The Mystery of a Hansom Cab

The Mystery of a Hansom Cab is a novel written by Fergus Hume, first published in 1886. It is considered to be one of the first great mystery novels and one of the most successful detective novels of the Victorian era. The story is set in Melbourne, Australia, and revolves around the murder of a wealthy man named Oliver Whyte, who is found dead in the back of a hansom cab. The investigation into his death is led by Detective Inspector Frederick Waters and his assistant, Detective Sergeant George Parrish.

As the investigation unfolds, a number of suspects are identified, including Whyte’s fiancée, his business partner, and a mysterious woman who was seen with him on the night of his murder. The detectives must navigate through a web of lies and deceit to uncover the truth behind Whyte’s death.

The novel was an instant success and became a bestseller in Australia and the United Kingdom. It has been adapted into several stage plays and films, including a silent film version made in 1911 and a 2012 TV movie adaptation.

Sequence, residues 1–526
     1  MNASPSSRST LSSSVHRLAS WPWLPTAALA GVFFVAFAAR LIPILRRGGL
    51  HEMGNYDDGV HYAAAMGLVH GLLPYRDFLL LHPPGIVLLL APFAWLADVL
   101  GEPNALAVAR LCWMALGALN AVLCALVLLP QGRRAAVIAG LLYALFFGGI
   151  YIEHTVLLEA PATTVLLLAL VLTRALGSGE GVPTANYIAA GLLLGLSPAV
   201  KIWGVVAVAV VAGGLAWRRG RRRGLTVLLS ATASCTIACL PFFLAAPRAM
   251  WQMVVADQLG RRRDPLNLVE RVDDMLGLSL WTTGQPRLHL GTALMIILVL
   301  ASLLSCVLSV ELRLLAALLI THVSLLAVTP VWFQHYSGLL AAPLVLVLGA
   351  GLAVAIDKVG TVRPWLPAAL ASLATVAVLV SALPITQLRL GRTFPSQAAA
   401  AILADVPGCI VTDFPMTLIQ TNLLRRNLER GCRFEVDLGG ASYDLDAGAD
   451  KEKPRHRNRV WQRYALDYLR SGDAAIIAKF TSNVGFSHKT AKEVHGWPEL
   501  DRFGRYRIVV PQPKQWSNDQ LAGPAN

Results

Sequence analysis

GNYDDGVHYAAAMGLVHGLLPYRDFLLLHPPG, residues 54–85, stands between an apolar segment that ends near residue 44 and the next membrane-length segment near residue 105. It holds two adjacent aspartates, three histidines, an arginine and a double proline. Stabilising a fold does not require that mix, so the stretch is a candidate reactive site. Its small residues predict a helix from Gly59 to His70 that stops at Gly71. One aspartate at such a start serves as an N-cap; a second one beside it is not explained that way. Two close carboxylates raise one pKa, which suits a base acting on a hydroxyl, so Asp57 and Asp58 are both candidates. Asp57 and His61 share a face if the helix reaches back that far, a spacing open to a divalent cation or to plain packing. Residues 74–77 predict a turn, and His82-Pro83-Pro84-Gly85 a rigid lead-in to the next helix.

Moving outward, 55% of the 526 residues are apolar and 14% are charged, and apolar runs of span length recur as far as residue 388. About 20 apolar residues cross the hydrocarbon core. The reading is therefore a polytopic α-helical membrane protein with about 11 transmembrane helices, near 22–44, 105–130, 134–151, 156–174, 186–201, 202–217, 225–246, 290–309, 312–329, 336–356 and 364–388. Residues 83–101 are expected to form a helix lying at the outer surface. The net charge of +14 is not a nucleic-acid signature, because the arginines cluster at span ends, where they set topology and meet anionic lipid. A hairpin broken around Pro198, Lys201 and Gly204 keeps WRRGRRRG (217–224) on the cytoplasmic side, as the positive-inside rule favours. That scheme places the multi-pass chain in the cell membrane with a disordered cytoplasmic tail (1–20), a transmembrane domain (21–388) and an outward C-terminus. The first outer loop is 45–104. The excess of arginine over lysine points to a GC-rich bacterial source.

“The Mystery of a Hansom Cab” is credited with helping to popularize the mystery genre and inspiring future writers, including Sir Arthur Conan Doyle, who would go on to create his iconic detective character, Sherlock Holmes.

Fergusson Wright Hume (1859-1932) was a British novelist who spent most of his life in New Zealand and Australia. He is best known for his novel “The Mystery of a Hansom Cab,” which is considered to be one of the first great mystery novels and a pioneering work in the detective fiction genre.

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